Only 20 years ago, China was laying the foundations of economic growth, expanding the gargantuan factories and workforces that would sweep it to global wealth and power. In the 1990s, entire villages began mobilizing around making single products. Soon, they had nicknames like “Bra Town”, “Jeans City” and “Christmas Village”.
In Henan province, the abundant raw material was human blood. Few places were poorer than farm country in Henan; Chinese urbanites today still joke about Henan the way New Yorkers might laugh at West Virginia.
In the early 1990s, government officials hatched a plan to develop a plasma economy, one that would pay farmers for their blood, then generate wealth (mostly for government officials) by using it to produce expensive biopharmaceuticals. The scheme would protect China from the perils of foreign blood and build upon a plentiful natural resource.
This bizarre plan came at exactly the moment farmers were looking for new ways to make money. China had unshackled capitalism, and if that meant selling their blood, that’s what they would do. The writer Yan Lianke, in his novel Dream of Ding Village, a fictionalized account of the plasma economy’s wreckage, describes entire villages thriving and then collapsing on their blood trade, an iron-rich scent hanging in the air.
The detail was no fiction: Yan told me he spent months researching the book and villagers described a ubiquitous smell of blood in the mid-1990s. It started as the scent of wealth; it became the odor of death.
In the years after Aids infiltrated the plasma economy, the disease killed tens of thousands in Henan and surrounding provinces. The true number of dead remains concealed by China’s government.
A few years ago, a man who was raw material in the plasma economy described the process to me. Twenty years after the catastrophe, it was still a perilous thing for him to speak to a foreign journalist, especially in his hometown. I waited until December, when victims from Henan made their annual 450-mile train ride to Beijing for World Aids Day to protest outside the ministry of health. I sat in the backseat of a cab while the man stood outside my open door.
We talked while looking in opposite directions, pretending we weren’t speaking to each other. He was a farmer, the lowest rung of society, the people most often used as political props. When the plasma trade boomed, he could sell his cells for $8 a liter, once every two or three days. This was unheard of money in a time and place where a farmer might make a couple of hundred dollars a year after expenses. It was a mundane, easy way to earn cash – something none of the villagers had ever experienced.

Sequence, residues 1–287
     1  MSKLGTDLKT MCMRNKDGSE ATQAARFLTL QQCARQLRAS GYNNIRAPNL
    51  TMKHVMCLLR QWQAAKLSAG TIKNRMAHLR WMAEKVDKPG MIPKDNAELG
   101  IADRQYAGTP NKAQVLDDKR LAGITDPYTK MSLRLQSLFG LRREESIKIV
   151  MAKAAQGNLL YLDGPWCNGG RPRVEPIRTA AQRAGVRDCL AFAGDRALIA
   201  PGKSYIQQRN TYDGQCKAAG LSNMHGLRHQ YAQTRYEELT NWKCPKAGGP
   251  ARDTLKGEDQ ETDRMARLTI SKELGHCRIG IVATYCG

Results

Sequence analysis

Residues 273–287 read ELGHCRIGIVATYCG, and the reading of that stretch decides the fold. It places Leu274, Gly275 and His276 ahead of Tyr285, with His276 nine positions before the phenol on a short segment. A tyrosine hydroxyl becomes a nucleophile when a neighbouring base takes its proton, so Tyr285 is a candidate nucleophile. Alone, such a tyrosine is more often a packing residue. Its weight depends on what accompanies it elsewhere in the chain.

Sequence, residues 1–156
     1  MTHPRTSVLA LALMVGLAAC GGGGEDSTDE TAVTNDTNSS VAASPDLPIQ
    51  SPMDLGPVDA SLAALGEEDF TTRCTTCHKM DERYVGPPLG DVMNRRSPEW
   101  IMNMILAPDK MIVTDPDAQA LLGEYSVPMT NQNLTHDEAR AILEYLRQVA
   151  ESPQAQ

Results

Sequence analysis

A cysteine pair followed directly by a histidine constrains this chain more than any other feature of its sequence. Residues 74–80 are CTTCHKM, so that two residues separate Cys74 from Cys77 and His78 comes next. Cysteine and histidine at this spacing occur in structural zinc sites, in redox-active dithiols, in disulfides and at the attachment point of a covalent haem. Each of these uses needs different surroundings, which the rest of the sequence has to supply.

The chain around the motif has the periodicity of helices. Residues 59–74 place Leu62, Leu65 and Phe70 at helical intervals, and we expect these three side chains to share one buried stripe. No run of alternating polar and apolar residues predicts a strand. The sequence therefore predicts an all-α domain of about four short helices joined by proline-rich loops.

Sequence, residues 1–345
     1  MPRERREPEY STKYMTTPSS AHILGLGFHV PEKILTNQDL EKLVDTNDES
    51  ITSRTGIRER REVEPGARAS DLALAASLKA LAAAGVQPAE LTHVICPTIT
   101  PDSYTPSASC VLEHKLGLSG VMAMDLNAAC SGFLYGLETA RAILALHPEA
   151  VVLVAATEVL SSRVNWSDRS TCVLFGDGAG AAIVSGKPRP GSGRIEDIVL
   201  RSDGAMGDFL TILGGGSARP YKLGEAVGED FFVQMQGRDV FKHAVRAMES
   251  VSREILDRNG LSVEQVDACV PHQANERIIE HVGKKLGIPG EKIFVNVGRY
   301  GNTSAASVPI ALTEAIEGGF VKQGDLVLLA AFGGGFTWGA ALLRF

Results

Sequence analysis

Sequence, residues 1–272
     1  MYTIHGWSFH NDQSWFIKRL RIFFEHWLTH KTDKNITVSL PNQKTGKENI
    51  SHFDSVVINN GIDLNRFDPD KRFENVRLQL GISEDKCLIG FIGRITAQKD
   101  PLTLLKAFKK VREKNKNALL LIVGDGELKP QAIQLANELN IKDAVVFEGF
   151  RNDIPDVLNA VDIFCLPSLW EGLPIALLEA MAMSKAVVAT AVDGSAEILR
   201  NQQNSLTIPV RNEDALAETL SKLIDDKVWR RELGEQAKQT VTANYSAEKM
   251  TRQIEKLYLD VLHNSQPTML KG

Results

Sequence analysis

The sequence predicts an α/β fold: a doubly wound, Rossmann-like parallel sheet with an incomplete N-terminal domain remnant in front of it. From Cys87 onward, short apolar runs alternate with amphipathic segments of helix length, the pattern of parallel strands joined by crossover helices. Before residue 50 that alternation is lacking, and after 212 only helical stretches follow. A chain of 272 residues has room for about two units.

He sold plasma for several years. Then in 1995 the blood stations shut down suddenly, with no explanation. By 1999, people in his village began falling ill and dying early, painful deaths, at an astounding rate. About a quarter of the 2,000 people in his village sold their plasma. In the process, they were exposed to used needles, dirty equipment and, in many cases, directly injected with the HIV virus as a side-effect of an out-of-control donation system. By the time I met him, more than 200 people in his village, a tenth of the population, had died from Aids.
At best guess, 1 million people were infected with HIV in the pay-for-plasma system. Were it not for two women, doctors of different generations, the death toll would have been much worse. One, Wang Shuping, discovered and exposed the debacle; the other Gao Yaojie, became a vocal, beloved public figure demanding it be addressed.
In 1999, when I first arrived in China to spend a year working and studying Mandarin, Gao and Wang blew open the Aids crisis in Henan. First Chinese media, then international journalists, published stories about the pay-for-plasma scheme gone horribly wrong. Victims began dying, leaving villages filled with widows and orphans. I read about it and, like everyone following the news, was repulsed that a government had infected its own citizens with a deadly virus.
Other countries weathered Aids catastrophes and plasma scandals, but China stands alone – operating a government-run plasma extraction program that infected and killed tens of thousands then covering it up.